Stack layer looks different, but one gets used to it but not as straight forward as the video. You have to add the planes and layers and then go in and define each layer. The video version looks better even when switching to 3D. Wondering how they changed it and the older version still looks better graphically (it seems they wanted to introduce multiple stack layers, like Rigid, Flex all in one plane and older graphic wouldn't work)

If https://techdocs.altium.com/display/...ack+Management is the place to look. The net assignment is different and not done through stack management.

It says to double click on work-space plane layer and set the net.
robertferanec , 02-14-2016, 12:38 AM
Thank you @zeino.

In case anyone need, I also made a video about the new Stackup manager, but as you said, it's quite easy to understand how to use it: Altium – Stackup Manager (The New & Old Way)
zeino , 02-14-2016, 07:11 AM
Thank you Robert for the link. I didn't search in the Archive. May be it would be good to put the corresponding links in the corresponding course page or in the section page under the name for example "Supporting Videos" of the particular course video. Then they are associated with the section or at the end of the list of videos as a separate link.
robertferanec , 02-14-2016, 07:18 AM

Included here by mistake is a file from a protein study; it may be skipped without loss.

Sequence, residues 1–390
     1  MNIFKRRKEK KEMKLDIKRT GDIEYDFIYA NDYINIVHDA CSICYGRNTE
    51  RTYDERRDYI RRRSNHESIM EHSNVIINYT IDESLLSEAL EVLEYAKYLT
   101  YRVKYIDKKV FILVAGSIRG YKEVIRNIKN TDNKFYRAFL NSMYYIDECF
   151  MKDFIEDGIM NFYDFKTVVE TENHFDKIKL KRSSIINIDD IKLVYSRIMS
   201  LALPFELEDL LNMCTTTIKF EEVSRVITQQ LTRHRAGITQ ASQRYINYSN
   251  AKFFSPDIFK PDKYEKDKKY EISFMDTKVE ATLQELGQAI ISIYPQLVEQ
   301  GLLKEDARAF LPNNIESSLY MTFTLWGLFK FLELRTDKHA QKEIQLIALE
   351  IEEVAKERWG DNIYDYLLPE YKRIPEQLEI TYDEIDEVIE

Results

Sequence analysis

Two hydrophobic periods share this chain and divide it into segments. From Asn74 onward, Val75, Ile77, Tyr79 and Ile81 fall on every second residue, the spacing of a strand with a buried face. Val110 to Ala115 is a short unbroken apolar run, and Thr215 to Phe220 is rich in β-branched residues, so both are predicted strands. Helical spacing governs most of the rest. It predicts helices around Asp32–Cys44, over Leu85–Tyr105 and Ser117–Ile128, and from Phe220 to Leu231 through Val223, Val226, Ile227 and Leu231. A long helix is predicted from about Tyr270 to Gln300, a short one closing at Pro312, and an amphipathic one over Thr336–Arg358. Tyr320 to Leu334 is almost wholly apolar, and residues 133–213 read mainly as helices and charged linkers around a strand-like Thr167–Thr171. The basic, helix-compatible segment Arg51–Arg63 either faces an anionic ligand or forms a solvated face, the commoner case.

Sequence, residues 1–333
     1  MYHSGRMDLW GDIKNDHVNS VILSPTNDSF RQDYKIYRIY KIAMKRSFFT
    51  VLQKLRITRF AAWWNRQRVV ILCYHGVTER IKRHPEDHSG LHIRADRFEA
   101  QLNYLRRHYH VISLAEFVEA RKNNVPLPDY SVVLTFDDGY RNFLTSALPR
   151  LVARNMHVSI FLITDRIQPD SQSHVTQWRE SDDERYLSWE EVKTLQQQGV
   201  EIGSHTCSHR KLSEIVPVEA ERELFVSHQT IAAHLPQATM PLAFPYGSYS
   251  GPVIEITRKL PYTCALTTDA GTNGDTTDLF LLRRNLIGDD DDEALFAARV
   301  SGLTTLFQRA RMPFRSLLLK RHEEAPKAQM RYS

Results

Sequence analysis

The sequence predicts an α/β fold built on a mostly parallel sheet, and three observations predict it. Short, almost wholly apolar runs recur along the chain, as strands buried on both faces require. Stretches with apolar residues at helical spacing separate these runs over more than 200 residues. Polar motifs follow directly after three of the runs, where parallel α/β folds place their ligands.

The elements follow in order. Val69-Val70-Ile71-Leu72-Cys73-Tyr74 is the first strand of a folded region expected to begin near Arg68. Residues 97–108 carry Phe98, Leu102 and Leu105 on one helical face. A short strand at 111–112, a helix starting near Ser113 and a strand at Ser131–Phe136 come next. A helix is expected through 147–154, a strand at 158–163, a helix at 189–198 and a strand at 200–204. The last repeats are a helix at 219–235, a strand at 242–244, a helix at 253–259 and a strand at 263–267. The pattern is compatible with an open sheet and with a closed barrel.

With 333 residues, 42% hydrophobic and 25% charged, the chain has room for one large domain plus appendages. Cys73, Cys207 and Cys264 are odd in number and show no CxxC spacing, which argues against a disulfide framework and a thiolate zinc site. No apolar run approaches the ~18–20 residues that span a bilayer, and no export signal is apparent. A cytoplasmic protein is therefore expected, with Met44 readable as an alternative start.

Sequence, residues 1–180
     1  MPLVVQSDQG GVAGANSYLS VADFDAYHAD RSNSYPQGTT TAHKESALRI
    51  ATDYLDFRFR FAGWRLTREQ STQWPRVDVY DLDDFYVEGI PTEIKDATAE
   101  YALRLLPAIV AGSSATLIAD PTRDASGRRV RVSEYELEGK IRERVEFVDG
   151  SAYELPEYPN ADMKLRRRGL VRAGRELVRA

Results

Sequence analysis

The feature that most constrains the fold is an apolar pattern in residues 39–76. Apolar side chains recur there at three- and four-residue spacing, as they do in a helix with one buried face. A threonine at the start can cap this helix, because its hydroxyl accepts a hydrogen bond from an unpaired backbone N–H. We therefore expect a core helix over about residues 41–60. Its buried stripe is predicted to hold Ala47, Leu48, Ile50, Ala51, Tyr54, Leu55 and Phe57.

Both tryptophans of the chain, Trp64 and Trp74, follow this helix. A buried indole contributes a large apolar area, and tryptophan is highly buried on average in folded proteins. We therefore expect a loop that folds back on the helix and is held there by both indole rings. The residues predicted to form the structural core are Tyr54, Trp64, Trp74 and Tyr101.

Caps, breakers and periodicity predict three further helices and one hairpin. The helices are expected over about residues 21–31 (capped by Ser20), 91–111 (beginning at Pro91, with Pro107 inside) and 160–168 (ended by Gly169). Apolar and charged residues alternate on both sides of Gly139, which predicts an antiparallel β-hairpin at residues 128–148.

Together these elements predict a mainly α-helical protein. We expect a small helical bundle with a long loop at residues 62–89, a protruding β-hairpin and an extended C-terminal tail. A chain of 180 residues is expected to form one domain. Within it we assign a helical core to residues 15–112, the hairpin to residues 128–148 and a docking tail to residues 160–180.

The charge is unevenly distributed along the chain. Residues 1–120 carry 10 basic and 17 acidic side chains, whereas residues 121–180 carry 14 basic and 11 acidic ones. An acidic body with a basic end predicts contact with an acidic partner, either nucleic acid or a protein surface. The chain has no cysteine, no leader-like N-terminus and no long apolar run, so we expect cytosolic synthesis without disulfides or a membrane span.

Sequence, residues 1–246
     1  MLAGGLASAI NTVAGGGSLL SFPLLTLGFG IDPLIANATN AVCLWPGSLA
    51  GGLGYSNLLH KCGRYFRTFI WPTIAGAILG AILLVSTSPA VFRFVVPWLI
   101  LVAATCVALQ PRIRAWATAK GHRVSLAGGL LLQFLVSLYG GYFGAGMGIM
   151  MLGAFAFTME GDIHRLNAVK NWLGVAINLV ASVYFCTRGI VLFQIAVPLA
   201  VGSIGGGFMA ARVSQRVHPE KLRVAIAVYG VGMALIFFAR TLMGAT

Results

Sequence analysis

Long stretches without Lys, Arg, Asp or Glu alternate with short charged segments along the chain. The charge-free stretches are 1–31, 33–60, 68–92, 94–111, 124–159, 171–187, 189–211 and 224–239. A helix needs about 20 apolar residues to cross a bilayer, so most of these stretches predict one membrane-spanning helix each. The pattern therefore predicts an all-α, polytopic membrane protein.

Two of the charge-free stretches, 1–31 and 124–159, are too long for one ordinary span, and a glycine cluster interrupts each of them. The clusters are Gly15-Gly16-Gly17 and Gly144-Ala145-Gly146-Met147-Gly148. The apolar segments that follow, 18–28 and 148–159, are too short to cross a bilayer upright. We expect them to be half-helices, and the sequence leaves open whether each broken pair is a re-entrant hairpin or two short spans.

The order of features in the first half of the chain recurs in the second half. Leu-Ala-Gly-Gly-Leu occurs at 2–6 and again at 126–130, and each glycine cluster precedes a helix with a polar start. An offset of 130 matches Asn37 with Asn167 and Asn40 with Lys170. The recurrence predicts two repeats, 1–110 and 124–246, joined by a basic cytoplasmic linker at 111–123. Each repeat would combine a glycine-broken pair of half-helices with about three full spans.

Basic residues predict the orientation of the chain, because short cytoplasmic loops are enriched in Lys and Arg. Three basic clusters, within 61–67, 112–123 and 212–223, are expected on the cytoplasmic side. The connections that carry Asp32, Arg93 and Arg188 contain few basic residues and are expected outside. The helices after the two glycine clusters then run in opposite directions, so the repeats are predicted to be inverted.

Putting these links directly into the course is on my list. I really should do that.

@zeino, if you find something else, please put it here. That will create a summary of important things what should I add to the course.

I think there is only one more big difference - about how to work with polygons .... but that is very intuitive and I do not have any video about it.
zeino , 02-15-2016, 12:24 AM
@robertferanec You mentioned the polygon is different, I reached the polygon pour and the only way I managed to pour a polygon was to use the polygon cutout in place menu. The polygon pour was simply not working and didn't include the same net. Was I doing something wrong? Do you have a video for it?
robertferanec , 02-15-2016, 12:43 AM
There should not be a problem with polygons. They are just easier to work with - you can directly edit the shape when you select it.

What AD version are you using? There are differences between them.
zeino , 02-15-2016, 01:02 AM
I am using 16. Just used the polygon pour and it is different to polygon cutout. The polygon cutout didn't use the setting of ploygon plane but the polygon pour does (probably I don't know when to use polygon cutout but it acts differently) . I missed changing the polygon plane to direct connect and it was using 4 points connect.
robertferanec , 02-16-2016, 03:17 AM
"Polygon pour cutout" makes a hole in "Polygon pour".

So, for example if you have a big copper polygon plane and you need to make inside it an area with no copper, use a polygon pour cutout. See the picture below - selected is polygon cutout:

zeino , 02-16-2016, 08:43 AM
Thanks Robert, now I know, so I used it just vice versa to what it was intended for when my pour was not working. (I used it to pour with no constraints, it worked may be because there was no pour to cut out it actually poured one). Now I know, it is all good. Thank you
robertferanec , 02-16-2016, 08:47 AM